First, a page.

It’s best to compact the gravel using a compactor; compactors can be hired, and you’ll need to check that you have the gravel pad nice and level. The gravel pad on the ground and should be approx. 30-50cm wider and longer than your shed. The shed dimensions dictate how large an area you need. Gravel will cost you approx. $45 per sqm. And you’ll want it about 10-15cm thick.
If desired, you can construct a timber frame edge to keep the gravel in place with a tidy edge and/or make it slightly raised for better drainage. Place treated timber framing around the gravel where you want the edge to be. Nail or screw the timber framing together at the corners then square the corners and make sure it’s all level. Screw or nail the corners again to secure them and perhaps hammer a length of steel rebar into the ground to hold it all in place.
Skid foundations for Garden Sheds
A skid foundation is a quick and easy way to support a shed that doesn’t require any permanent foundations on the ground.
The shed sits on and is evenly supported by the skids. The skids, also called runners, usually sit directly on the ground. This means you want relatively flat ground underneath them. Outpost sheds have a skid base included in the kitset. It comprises of 2 or more heavy duty, treated timber skids that sit parallel underneath your shed to support the length of the building.
A skid foundation means the shed can be skidded/moved to another location. It is a good idea to dig a trench where the skids will lay, then tamp in gravel ensuring the surface is level and drained. This will help protect the wood and make levelling easier. The trench should be wider and longer than your skid.
Having a relocatable shed gives you more options for the future; you can reposition your shed, move it with you to a new property or on-sell the shed if it's no longer needed. Choosing a strong, relocatable shed is a good investment.
Outpost Sheds have a strong skid mounted base made from quality H5 treated timber so you can rest assured that they won’t rot for over 100 years. The skids have angled ends on them to make it easier to drag the building without catching on the ground. The timber framing is attached to the skids and the Zincalume or Colorsteel cladding on Outpost sheds is run horizontally to add to the strength of the building.
Large Outpost skid mounted sheds can be lifted onto a hiab truck for easy relocation to your new property. Small Outpost skid mounted sheds can be carefully winched or dragged onto a trailer with some help from some strong friends and a tow rope.
Paving Stone foundations for Garden Sheds
Pavers are an easy DIY shed foundation. A foundation of pavers sits on levelled exposed ground or a sand base. They provide a solid flat base upon which to build or set a shed and evenly support the floor. The bigger the paver, the heavier it is, but the fewer you need.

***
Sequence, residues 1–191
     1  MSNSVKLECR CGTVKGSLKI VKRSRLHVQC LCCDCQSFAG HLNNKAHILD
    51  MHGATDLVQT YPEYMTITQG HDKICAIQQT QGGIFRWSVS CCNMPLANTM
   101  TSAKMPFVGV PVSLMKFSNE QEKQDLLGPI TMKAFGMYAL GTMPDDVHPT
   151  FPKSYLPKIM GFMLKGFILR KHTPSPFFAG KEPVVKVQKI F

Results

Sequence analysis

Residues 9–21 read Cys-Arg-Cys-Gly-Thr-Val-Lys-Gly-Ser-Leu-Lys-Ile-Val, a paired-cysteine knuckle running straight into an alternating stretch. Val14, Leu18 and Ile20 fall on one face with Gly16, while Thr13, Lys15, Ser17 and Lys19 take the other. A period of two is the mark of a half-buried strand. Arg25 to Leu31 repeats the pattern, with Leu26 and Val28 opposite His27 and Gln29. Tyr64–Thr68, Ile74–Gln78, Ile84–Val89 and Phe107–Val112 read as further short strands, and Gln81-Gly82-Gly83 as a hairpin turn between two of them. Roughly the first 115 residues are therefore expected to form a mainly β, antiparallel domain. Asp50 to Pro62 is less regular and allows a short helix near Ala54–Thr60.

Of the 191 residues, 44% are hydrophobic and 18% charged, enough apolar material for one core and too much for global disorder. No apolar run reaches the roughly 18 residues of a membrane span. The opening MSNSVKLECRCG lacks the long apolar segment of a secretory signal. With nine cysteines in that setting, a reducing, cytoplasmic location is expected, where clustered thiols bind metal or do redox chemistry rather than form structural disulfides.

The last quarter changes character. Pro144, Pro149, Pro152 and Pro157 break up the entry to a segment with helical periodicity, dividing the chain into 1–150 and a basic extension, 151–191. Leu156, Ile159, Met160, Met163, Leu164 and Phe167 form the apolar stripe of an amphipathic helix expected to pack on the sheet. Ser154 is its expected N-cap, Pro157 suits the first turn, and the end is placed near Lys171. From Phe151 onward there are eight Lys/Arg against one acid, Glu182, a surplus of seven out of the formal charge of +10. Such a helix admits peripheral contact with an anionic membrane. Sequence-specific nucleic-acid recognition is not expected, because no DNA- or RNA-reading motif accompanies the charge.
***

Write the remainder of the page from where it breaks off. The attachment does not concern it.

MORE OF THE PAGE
Pavers are great on flat ground for smaller sheds with or without a floor. Once the ground is level, pavers are easy to lay. If placed on the paving sand, there’s an extra step levelling before putting the pavers. Paving sand will make it easier to level the pavers too. Cost of a 400mm square paving stone is approx. $15 each and they are readily available at hardware and gardening stores. Not suitable for large sheds as they can crack with heavy loads or become uneven over time.
Concrete block foundations for Garden Sheds
A relatively easy foundation for an experienced DIY person and a good solution for wet areas or uneven ground where part of your shed needs to sit higher than ground level. Different sized concrete blocks are available at landscape or gardening centres. Only use solid-concrete blocks. They sit on the ground and need to be level and be level with each other. You’ll need at least 1 concrete block in each corner for a small shed and for very large sheds you’ll need to put more supporting blocks approximately every 1 metre.
On sloped ground you can stack blocks to get the height needed to be level with other blocks. You’ll need to choose good firm ground for this foundation type or put a gravel base in underneath the concrete block foundation to help prevent ground movement and sinking. The difficult parts of this foundation option are levelling the blocks with each other and squaring the corners. The level of difficulty increases for sloped ground. The cost of solid-concrete blocks depends on their size and shape. The number required will depend on the dimensions of the shed and the slope of the ground. How high off the ground you want the shed to be is also a factor.
Your choice of shed foundation is an important decision. It helps keep your shed level, dry, and provides a stable base for it. All extend the life of your storage shed.
Some shed foundations are easier to build than others but may not last as long or be suitable for your site. Select the option that best fits your shed and the location you want to put it in. Call a local Builder if you have any questions or need help.